Then there’s my favorite note: What’s the worst thing that can happen right now?

It’s so much fun getting our characters into trouble, especially when escape seems impossible. And that apparent impossibility is what keeps the reader turning pages.

Your turn… What are some notes you write to yourself or keep filed in your mental file to remind you how to make your stories stronger?

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Shades of Truth, Love Inspired Suspense, March 2012

Big city detective Ethan Reed is working deep undercover at a Christian youth detention center. The kind of place he spent some harrowing time in as a kid. Ethan’s mission: ferret out who’s recruiting resident teens for a drug ring. He expects help from the lovely, devoted director of Hope Manor. But Kim Corbett won’t tell Ethan anything— even when she’s threatened and attacked. When Ethan discovers what Kim is protecting, his guarded heart opens just a bit wider. Enough to make this the most dangerous assignment of his career.

Book 2 in series, Undercover Cops: Fighting for justice puts their lives—and hearts—on


  1. That's a clever way to keep all those questions in from of you. :) Colorful, too. I have a glass table for a desk, and I write on the back of the sticky notes and stick then under the glass, so I don't knock them off. Yeah, I'm a klutz.

  2. Great hints for other writers. Thanks for sharing. However, my desk is such a disaster that post-its would simply get lost. That may be why I'm so slow at what I do. Thanks for the prod.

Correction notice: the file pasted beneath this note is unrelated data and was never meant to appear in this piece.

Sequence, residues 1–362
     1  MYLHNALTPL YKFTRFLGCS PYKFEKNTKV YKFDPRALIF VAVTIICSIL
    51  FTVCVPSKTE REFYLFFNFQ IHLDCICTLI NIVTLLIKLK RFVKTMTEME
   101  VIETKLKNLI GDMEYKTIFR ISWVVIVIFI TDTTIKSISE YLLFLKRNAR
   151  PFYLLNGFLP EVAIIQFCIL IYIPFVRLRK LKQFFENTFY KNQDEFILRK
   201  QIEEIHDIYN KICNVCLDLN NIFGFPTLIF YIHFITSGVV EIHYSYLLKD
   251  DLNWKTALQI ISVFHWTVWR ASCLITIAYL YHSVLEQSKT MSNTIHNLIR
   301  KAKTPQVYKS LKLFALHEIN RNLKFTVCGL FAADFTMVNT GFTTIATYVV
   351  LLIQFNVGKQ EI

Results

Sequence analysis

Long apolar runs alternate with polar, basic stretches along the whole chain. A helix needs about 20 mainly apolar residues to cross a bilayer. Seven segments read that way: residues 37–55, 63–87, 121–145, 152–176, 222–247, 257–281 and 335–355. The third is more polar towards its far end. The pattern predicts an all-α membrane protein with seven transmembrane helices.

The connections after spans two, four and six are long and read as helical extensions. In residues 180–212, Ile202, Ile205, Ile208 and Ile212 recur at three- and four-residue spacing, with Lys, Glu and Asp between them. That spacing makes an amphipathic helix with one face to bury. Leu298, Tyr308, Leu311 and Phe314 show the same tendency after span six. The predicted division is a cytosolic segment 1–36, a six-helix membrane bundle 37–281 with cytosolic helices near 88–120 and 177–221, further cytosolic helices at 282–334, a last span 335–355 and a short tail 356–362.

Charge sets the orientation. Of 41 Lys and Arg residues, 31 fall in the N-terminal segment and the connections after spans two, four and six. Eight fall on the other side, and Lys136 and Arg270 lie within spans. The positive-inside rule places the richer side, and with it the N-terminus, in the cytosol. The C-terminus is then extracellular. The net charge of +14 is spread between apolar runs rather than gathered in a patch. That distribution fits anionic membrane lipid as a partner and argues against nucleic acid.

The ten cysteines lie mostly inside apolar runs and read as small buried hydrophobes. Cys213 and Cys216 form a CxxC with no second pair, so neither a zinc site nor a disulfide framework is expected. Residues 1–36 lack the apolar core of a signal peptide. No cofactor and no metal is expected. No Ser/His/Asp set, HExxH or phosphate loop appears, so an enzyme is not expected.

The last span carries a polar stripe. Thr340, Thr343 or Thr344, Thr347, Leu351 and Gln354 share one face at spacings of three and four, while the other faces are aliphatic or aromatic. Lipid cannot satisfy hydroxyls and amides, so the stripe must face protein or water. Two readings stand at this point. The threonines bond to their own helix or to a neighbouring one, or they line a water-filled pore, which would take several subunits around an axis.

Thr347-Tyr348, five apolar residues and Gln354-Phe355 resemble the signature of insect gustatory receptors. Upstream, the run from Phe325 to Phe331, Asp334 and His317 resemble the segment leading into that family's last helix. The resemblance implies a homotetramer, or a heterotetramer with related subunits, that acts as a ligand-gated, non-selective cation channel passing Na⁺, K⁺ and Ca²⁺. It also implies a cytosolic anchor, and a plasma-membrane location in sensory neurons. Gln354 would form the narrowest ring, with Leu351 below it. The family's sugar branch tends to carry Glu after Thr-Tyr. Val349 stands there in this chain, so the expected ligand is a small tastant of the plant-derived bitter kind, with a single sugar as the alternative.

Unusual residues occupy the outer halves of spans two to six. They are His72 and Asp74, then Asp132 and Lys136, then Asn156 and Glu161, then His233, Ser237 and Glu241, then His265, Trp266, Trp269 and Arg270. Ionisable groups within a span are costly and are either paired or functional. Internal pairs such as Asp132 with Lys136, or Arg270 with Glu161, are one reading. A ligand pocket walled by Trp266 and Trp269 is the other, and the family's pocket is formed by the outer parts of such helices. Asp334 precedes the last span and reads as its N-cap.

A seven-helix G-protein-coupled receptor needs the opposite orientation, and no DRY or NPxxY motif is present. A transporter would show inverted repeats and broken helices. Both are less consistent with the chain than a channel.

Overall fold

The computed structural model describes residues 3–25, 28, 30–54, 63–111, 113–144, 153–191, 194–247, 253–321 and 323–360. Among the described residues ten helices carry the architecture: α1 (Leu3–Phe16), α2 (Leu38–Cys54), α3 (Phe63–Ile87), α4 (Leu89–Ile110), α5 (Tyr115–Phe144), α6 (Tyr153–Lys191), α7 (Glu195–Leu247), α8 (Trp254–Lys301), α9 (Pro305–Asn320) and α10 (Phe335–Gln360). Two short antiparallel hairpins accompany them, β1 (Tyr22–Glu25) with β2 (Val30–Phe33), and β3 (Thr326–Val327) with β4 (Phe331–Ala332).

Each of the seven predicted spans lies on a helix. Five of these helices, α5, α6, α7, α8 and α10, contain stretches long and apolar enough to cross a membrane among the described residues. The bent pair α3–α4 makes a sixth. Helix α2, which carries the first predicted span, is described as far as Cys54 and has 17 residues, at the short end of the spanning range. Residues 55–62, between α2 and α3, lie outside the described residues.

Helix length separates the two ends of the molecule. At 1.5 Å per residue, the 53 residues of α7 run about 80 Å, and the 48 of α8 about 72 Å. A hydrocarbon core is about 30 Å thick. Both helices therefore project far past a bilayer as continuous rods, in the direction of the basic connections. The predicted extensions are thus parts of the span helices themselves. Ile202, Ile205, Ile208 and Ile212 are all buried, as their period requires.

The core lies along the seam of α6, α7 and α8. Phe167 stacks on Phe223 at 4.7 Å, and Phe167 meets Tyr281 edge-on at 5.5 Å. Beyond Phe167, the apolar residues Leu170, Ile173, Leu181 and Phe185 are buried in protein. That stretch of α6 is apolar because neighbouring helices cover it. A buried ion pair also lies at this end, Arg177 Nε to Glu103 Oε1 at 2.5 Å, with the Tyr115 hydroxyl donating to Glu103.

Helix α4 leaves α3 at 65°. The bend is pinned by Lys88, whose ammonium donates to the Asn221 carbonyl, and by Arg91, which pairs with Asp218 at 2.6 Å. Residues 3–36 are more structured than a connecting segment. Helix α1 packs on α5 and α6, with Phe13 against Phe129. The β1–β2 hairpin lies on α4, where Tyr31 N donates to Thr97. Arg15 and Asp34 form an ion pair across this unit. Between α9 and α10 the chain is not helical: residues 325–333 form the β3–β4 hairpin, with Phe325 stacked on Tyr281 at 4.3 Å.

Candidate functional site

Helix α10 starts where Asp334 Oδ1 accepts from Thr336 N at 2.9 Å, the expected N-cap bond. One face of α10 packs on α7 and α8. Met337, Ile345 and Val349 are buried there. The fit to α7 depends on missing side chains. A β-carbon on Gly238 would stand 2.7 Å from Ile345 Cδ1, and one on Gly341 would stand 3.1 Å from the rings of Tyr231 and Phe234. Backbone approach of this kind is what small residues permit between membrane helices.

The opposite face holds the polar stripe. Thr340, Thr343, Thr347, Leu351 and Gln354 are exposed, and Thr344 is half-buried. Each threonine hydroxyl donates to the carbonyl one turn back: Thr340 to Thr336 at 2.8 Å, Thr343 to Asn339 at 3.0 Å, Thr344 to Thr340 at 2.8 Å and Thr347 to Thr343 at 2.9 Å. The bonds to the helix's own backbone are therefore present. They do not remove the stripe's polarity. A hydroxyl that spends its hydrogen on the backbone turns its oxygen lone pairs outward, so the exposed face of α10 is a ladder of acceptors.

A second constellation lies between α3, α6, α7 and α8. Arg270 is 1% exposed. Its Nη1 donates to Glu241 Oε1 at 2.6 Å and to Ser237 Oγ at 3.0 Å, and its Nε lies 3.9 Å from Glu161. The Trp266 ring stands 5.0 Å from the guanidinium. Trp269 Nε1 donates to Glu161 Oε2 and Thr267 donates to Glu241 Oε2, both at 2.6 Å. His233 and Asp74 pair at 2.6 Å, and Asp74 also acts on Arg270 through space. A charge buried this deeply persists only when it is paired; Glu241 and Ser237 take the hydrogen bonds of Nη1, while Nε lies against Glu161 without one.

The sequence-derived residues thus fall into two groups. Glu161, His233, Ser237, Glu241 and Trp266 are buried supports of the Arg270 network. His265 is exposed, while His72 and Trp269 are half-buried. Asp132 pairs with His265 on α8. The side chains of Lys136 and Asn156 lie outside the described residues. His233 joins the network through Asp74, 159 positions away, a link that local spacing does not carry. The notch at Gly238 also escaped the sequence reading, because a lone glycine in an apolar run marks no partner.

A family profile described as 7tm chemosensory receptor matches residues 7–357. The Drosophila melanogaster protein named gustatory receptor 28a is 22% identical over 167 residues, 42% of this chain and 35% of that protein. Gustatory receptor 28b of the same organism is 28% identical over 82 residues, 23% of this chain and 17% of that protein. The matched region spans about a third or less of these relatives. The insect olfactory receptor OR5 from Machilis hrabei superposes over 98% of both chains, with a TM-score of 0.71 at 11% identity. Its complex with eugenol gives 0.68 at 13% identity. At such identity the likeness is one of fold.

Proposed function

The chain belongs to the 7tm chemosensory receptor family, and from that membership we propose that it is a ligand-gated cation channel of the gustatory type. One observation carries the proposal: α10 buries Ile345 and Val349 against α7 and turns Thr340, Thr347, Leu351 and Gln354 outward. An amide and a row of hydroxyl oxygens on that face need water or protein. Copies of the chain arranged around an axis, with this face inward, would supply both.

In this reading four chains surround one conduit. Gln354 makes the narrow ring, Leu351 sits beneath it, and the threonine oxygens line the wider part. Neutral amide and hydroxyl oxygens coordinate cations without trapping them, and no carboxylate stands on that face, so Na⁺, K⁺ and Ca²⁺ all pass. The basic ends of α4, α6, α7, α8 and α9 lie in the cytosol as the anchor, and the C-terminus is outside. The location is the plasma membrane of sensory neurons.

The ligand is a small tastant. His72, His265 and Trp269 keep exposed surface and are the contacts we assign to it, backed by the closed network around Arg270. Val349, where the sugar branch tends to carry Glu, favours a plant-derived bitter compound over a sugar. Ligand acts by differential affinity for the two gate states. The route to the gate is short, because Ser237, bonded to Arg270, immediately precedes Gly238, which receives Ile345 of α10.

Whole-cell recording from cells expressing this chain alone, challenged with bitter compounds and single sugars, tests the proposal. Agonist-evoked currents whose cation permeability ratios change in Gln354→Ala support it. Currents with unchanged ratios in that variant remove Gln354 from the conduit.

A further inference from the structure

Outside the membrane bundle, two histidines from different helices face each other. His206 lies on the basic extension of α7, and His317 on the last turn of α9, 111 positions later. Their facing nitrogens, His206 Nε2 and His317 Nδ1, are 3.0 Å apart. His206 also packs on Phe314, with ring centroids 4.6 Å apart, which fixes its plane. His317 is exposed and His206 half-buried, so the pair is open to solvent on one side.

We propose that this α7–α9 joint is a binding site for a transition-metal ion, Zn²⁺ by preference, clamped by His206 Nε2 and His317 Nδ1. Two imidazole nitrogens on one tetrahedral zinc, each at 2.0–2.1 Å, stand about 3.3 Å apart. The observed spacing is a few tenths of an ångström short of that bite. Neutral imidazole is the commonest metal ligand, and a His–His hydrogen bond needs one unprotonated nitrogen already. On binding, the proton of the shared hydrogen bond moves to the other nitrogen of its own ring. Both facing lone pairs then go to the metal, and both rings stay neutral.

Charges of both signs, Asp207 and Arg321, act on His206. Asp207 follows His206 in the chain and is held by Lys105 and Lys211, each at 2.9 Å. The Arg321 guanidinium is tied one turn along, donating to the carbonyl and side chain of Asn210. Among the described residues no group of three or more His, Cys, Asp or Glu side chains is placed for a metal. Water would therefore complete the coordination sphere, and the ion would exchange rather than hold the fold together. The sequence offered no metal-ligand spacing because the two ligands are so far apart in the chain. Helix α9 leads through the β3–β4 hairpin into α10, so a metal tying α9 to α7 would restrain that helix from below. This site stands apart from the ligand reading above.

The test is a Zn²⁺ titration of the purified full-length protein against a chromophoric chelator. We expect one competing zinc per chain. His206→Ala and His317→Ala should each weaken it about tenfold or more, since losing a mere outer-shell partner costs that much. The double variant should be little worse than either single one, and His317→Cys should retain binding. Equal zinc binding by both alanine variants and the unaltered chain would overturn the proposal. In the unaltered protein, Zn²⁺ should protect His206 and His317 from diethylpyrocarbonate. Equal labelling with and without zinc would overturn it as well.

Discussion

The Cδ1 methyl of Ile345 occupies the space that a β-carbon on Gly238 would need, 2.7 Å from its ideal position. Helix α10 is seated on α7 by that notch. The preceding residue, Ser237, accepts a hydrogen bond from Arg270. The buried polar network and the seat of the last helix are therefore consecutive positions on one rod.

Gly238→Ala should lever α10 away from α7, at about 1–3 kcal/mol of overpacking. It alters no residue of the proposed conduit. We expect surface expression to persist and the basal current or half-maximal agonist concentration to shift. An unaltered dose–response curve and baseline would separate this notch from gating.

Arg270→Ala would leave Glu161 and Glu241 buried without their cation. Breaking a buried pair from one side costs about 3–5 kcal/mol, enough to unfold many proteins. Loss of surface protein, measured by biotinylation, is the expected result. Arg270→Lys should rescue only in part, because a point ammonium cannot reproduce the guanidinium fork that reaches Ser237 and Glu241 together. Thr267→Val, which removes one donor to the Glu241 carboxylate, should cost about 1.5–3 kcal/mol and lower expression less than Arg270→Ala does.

3. I'm all about the post-it's! Soon as I address one, I rip it in half--visual reminder that I don't need to reread it to know it's been taken care of. Thanks for being with us!

    1. ooh, and so satisfying to rip things. "Ah, you're finished. Take that!" :)

  4. Thanks for being here today, Sandra! While I'm not a post-it note person, I do have a mad love affair with my 5x7 index cards! I couldn't write without them!

    And I'm totally in to asking the question 'why?' When I write, I try to remember how my girls were at two, always asking one thing or another--I believe it's the only way to truly know who are characters are.

    1. Thanks for inviting me to be here, Patty!

  5. Oh, I like the idea of ripping the post-it apart when you are done. I can imagine an empty computer screen when the story is complete. Nice visual.

    As for me, I used to be a post-it note person, but my husband hates them. I mean really hates seeing them everywhere and all over the place. So for the sake of the marriage, I give each character their own notebook now.

    Great advice, Sandra!

    1. Your hubby sounds like a great character for a book. :)

  6. Hi, Sandra:
    I love Post-Its too! I like to have different sizes and different colors. For my last novel the backside of my office doors were covered with neon Post-Its. It was kinda sad to take them down -- but that meant I had finished the book and sent it to my editor!